Are you a parent with kids in school? If so, you should know that charter schools in Florida outperform traditional schools in just about everything you can measure.

Each year, our state’s education department is required by law to look at how charter school students perform compared to similar students in traditional schools. They look at a ton of data: How do black students in charters compare to black students in traditional schools in English. What about Hispanic students? Low-income students? Students with disabilities? English language learners? Okay, what about all those groups of students (and more) in Math? Social studies? Science?

They also look at the difference in academic performance (AKA Achievement Gap) between groups like black students and their white peers, or Hispanic students and white students, etc. Finally, they looked at how much students were learning each year.

In just about everything they measured, charter school students came out on top!

Of 77 measurements related to students performing on grade level, charter school students did better in 63 of those comparisons, or 82 percent of the time.

When it came to the achievement gap, charter schools bested traditional schools in 19 out of the 22 comparisons the department looked at. For example, the gaps between black and white students in math, reading, science and social studies would count as 4 comparisons. Traditional schools did better closing the achievement gap in three of the comparisons. They did slightly better than charter schools in closing the gap between black and white students in high school math and science for example, but not in elementary or middle school for those students in those subjects.

When they looked at how much schools helped students, and various groups of students catch up or get ahead, charter school students learned more in a year than traditional schools on 88 of the 96 measures they compared.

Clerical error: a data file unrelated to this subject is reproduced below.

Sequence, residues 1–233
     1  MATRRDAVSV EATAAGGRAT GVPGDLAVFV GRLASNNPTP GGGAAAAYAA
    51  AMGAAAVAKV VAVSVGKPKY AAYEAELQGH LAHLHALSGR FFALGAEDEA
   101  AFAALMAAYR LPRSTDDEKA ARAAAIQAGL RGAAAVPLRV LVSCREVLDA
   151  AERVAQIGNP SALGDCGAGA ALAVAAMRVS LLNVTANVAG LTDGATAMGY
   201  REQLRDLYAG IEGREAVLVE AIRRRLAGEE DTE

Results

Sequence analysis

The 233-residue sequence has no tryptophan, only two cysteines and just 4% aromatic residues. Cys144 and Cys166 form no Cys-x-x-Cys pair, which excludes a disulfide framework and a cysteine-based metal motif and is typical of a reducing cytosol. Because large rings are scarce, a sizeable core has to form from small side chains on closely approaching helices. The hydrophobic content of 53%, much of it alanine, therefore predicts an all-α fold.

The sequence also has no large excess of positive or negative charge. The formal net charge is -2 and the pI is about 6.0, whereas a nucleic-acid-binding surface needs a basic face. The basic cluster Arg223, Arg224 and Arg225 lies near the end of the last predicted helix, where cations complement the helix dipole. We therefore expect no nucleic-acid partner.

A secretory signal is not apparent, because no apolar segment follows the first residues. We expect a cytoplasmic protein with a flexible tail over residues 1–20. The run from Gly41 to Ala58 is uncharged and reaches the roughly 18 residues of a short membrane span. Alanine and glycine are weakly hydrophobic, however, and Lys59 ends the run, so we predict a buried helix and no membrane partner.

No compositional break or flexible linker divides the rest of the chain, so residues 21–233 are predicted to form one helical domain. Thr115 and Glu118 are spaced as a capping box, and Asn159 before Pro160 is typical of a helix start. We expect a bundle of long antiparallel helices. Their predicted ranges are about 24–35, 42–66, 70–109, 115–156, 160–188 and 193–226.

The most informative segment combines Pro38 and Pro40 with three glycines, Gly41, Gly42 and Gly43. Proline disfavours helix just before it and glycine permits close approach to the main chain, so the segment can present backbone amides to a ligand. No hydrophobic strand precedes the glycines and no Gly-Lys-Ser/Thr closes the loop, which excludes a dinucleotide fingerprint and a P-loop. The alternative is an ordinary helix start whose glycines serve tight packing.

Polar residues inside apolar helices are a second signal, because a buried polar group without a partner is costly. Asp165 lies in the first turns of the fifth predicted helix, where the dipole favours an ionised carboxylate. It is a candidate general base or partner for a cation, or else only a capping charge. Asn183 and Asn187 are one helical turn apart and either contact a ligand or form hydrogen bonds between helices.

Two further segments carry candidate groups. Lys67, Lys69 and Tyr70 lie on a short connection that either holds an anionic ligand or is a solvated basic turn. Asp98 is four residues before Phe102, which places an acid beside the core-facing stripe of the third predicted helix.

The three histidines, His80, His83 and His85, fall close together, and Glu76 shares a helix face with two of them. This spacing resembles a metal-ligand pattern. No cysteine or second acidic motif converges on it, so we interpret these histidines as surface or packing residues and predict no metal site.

Overall, charter schools do a better job of helping students achieve, closing the achievement gaps between groups of students, and helping students grow, academically, more than traditional schools.

Does that mean you should abandon your traditional school as quickly as possible? Not necessarily. These comparisons are comparing all charter schools to all traditional schools. Individual results may vary, as they say. You should really look at the particulars for the schools around you.

For my family, the school we were zoned for wasn’t a good fit. I wasn’t satisfied with the results they were getting for kids. So we applied and were blessed to win the lottery for one of the charter schools we sought out.

There’s something else to consider. While charter schools won in almost every category measured, the margins by which they won range from just one percentage point to about 13 percentage points. That’s still significant but it also shows there’s still a lot of work to be done at both types of schools.

For example, one of the nearly 200 measures they looked at showed that about 54 percent of lower-income charter school kids in elementary school passed their reading test compared to 46.4 percent of the same type of students in traditional schools. 53.9 Percent is definitely better than 46.4 percent, but there are still a ton of students that need help reaching that bar.

If you’re really into charts, there’s a whole slew of them in the Student Achievement in Florida’s Charter Schools report the department put out today.

In a press release, Richard Corcoran, Florida’s chief educator, praised the results and signaled the impact the report may have in current legislative battles:

“There is simply no denying that choice works, particularly for minority and low-income students. These results represent hundreds of thousands of Florida families who were empowered to make the best education decisions for their children and are reaping the benefits. Governor DeSantis has made bold choice-related proposals leading into the 2019 Legislative Session, and this report provides further evidence that they are right for Florida.”

Regardless of the choice you make, it’s clear that charter schools give a lot of families, especially those stuck in low-performing schools, a better alternative than they had available. And ultimately, it’s the state’s job to give as many families access to a great education as possible.